A lot of cyclists are going to want to use E 133rd/Bruckner Blvd to reach the Willis Ave Bridge or jobs, stores, and the park located in that area. I see a good amount of cyclists traveling along that route on a regular basis. It’s a good connection to have.

  • DOT ROCKS!

    This BBnet guy is a genius! Sounds like DOT should rethink the entire approach to green paint! While they’re at it, they should consider a new color palate all together…I’m partial to oranges…

  • BBnet3000

    Have you ever considered that NACTO and CROW might be right? Here’s more content which your post lacks:

    http://usa.streetsblog.org/wp-content/uploads/sites/5/2014/01/Blue-Bonnet-Austin.jpg

    http://theexpiredmeter.com/wp-content/uploads/2013/06/Milwaukee-bike-lanes.jpg

  • Vooch

    dude – happy this is happening Bronx needs at least 40 miles of PBLs built in next couple of years; plus all those unconnected bits of cycling greenway should be connected

ALSO ON STREETSBLOG

Creating Safer Streets Linking the South Bronx to Randall’s Island

|
The South Bronx neighborhoods of Port Morris and Mott Haven are a stone’s throw from 480-acre Randall’s Island, but a ring of highways and industry separates residents from all that parkland. Now, the New York Restoration Project (NYRP) is working with local advocates and health researchers to create better walking and biking connections between the South Bronx and Randall’s […]

Eyes on the Street: Randall’s Island Connector to Open in “Coming Weeks”

|
The Randall’s Island Connector, a greenway link between the South Bronx and Randall’s Island, is almost complete. Bronxites are anticipating a ribbon-cutting any day now from the city’s Economic Development Corporation, which is building the project. The new path crosses the Bronx Kill, a narrow waterway separating Randall’s Island from the Bronx. Without it, the only way to bike or walk […]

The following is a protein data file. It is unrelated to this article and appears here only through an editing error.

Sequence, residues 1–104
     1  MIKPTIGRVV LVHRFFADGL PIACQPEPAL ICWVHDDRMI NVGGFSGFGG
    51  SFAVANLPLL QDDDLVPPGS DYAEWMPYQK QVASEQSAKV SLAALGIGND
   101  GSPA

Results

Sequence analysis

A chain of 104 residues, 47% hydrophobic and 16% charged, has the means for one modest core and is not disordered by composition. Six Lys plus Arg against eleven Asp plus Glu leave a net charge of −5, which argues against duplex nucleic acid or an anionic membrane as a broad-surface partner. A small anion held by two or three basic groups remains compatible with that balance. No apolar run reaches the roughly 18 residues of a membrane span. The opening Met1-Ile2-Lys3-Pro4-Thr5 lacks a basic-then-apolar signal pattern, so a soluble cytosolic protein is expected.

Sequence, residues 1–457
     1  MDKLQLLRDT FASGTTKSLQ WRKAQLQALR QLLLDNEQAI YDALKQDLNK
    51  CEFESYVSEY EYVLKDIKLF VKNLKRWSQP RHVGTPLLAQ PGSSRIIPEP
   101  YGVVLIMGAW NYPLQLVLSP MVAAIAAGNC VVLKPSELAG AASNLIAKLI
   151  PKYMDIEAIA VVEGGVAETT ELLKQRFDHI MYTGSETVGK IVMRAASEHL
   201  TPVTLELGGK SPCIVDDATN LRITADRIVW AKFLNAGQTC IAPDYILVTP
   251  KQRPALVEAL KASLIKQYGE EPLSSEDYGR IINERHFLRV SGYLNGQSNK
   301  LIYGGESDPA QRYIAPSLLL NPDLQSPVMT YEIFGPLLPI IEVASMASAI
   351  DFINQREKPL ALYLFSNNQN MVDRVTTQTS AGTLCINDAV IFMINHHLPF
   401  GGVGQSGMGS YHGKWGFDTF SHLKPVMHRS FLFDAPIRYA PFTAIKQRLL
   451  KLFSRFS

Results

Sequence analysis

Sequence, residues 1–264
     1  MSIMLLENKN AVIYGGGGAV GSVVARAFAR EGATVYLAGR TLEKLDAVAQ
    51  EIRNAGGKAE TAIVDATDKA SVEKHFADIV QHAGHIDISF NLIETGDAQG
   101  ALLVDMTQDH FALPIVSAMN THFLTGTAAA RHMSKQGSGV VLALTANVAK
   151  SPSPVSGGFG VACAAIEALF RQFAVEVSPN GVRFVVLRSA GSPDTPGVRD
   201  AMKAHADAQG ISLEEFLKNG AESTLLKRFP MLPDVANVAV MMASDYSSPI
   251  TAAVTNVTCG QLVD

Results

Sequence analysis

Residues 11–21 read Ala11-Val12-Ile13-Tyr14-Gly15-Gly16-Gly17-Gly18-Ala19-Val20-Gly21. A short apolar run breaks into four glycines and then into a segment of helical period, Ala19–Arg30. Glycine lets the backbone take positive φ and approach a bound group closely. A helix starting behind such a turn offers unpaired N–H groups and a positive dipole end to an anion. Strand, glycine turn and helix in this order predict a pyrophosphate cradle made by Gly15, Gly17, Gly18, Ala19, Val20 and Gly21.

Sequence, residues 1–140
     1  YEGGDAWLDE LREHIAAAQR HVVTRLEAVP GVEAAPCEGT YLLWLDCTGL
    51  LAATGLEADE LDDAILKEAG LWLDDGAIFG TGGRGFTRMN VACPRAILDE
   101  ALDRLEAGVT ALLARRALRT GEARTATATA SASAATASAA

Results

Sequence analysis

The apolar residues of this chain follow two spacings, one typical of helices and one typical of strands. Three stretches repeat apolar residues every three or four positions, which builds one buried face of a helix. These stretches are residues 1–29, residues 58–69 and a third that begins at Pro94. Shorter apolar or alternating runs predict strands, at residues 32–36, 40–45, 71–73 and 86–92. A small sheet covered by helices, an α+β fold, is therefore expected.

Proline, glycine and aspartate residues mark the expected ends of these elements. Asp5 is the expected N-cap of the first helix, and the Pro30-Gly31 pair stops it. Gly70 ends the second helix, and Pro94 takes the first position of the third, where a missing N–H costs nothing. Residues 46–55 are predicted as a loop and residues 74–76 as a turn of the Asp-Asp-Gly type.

Randall’s Island Connector to Open This Weekend

|
The Randall’s Island Connector is set to open this weekend. A greenway link between the island and the South Bronx, the connector has been on the agenda of advocates and electeds since the early 1990s. The project will provide a grade-level crossing over Bronx Kill from E. 132nd Street in Port Morris, under an Amtrak bridge, […]

Bruckner Boulevard Protected Bikeway Clears Bronx CB 2 Committee

|
A DOT plan to add pedestrian space and create a two-way protected bikeway along a key half-mile stretch of Bruckner Boulevard received a unanimous thumbs-up from Bronx Community Board 2’s economic development committee Wednesday night [PDF]. “Bruckner Boulevard is a very wide, multi-lane boulevard,” said DOT project manager Kimberly Rancourt. “It has lots of traffic but […]
STREETFILMS

The Randall’s Island Connector Is Finally Here

|
This spring, the Highbridge re-opened between the Bronx and Manhattan, the first car-free crossing linking the two boroughs. Now the second one in less than a year is open with the debut of the Randall’s Island Connector. The project has been in the pipeline for what seems like forever, and on Saturday it opened to the delight of many South Bronx […]
DOT crews installing a new barrier-protected bike lane on Bruckner Boulevard between Bryant Avenue and Faile Street. Photo: Twitter/NYC DOT

DOT Closes Short Bike Lane Gap on Bruckner Blvd — Next Phase Scheduled for 2021

|
DOT crews have started to fill in a dangerous three-block gap in the bikeway on Bruckner Boulevard in the South Bronx, creating a more continuous link to Concrete Plant Park. The ultimate goal is a direct, uninterrupted bike route on Bruckner Boulevard connecting to Manhattan and Randall's Island via 138th Street, but under the agency's current timetable Bronxites will have to wait several years for that.